Athletic directors appear split about issues related to whether college student-athletes should be paid to play.
AthleticDirectorU and AthleteViewpoint gathered information on the topic of name, image and likeness and student-athlete compensation by surveying current Division I athletic directors on the issue.
The survey was distributed to 344 NCAA Division I athletic directors. Of that group, 97 individuals responded, providing a 28.2 percent response rate.
The responses were representative of the population of AD's across Power 5, Group of 5 and FCS/Non-Football institutions with all three classifications seeing nearly identical response rates.
The survey found that 47 percent of respondents did not support athletes having the opportunity to profit from their name, image and likeness. Fully 44 percent said they should have that right and it should apply to all sports. A small portion (3.1 percent) of respondents said athletes should have the opportunity to profit from their NIL, but with the caveat that only football and men’s basketball be included. A slight larger pool (6.3 percent) of respondents answered “yes, but only for football & men’s basketball, and some women’s sports.”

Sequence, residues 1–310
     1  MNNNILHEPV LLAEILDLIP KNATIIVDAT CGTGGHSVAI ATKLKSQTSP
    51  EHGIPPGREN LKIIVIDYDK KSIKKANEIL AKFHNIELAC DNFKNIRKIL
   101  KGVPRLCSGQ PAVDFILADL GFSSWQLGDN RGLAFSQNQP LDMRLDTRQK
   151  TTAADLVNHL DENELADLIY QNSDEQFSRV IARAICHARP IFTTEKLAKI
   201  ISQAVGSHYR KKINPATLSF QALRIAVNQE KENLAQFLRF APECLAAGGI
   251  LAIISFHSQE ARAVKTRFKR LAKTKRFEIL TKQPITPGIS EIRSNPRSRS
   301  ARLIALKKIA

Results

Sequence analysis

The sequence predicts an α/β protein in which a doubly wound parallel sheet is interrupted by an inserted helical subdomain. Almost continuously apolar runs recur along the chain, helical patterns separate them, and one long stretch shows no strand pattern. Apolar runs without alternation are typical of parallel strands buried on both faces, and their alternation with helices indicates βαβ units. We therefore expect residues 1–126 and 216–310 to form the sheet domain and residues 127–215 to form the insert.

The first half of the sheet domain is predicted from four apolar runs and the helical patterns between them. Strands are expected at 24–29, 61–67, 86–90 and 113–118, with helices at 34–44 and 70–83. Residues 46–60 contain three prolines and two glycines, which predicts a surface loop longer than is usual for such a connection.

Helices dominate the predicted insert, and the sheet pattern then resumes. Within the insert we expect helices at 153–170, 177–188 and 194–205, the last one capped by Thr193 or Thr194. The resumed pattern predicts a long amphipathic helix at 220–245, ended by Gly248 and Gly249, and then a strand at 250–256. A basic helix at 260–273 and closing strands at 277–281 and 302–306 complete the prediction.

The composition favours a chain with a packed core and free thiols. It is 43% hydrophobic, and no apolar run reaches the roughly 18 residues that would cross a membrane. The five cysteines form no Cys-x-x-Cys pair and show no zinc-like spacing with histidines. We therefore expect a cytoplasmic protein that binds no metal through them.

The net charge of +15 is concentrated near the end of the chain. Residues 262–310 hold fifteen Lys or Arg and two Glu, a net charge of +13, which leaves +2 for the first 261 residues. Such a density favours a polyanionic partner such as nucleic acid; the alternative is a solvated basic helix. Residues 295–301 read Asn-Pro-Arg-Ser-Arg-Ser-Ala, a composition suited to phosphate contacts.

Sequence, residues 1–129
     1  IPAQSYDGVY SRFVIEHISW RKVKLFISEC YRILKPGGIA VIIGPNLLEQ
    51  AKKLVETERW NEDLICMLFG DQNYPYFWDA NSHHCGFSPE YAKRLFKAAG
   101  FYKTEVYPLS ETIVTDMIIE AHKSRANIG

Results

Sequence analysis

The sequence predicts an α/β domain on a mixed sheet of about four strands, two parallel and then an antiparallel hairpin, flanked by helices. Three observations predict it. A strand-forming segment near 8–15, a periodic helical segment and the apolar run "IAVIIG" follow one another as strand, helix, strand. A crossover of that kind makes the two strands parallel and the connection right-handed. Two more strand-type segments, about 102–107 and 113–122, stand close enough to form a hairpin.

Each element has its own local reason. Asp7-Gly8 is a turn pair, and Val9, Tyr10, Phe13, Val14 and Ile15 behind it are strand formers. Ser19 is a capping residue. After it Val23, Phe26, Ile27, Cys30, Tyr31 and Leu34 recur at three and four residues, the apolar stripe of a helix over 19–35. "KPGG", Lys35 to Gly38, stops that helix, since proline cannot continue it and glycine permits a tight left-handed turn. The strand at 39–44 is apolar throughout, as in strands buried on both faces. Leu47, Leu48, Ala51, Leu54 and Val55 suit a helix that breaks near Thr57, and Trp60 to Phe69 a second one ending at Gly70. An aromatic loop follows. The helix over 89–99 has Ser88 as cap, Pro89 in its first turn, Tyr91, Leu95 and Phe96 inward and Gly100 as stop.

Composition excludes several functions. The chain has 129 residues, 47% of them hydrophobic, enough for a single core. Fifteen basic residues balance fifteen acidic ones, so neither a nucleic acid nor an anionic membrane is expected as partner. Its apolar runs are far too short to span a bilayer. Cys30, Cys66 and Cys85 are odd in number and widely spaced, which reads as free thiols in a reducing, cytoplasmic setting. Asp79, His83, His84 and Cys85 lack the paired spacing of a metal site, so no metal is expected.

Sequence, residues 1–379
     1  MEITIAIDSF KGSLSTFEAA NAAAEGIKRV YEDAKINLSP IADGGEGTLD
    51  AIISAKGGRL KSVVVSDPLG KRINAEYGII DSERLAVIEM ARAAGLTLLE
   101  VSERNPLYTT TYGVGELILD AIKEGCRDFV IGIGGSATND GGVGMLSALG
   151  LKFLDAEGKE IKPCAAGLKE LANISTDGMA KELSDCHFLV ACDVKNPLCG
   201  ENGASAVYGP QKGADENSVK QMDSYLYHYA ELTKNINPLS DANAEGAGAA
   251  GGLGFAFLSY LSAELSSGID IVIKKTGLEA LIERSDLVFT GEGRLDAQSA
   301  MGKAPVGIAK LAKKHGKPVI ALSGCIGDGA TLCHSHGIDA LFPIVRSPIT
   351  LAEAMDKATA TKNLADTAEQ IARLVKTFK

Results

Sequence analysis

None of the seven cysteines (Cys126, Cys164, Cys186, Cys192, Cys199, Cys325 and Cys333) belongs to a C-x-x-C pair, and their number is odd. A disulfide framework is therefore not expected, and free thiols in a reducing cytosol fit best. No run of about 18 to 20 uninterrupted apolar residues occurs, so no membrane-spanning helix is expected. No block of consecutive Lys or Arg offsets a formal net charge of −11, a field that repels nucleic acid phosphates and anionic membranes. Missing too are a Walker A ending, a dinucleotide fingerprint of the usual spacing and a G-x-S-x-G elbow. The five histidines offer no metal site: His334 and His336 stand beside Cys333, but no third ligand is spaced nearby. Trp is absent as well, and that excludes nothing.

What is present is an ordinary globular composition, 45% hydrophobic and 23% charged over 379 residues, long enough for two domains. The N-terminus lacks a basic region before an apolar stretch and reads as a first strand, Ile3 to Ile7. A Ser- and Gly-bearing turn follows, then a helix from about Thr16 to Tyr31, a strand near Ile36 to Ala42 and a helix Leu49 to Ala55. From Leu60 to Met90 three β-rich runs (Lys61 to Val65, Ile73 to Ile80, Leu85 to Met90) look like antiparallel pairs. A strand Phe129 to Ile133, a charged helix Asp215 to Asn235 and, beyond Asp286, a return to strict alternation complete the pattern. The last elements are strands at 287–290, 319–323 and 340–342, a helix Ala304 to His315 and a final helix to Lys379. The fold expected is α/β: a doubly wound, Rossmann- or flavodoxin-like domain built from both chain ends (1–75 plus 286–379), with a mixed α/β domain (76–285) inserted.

The full study also looks at the intricacies of the issue, asking about attitudes toward different NIL models and the state of the rule-making process itself. Fully 43 percent of respondents said the process is moving along at the “appropriate pace,” while 21 percent said things were moving “too slow,” and 36 percent said things were moving “too fast.”
With a 90 percent confidence interval, the data has a +/- 6.3 percent margin of error — indicating the views of the ADs who responded are generally representative of the perspectives of all Division I ADs.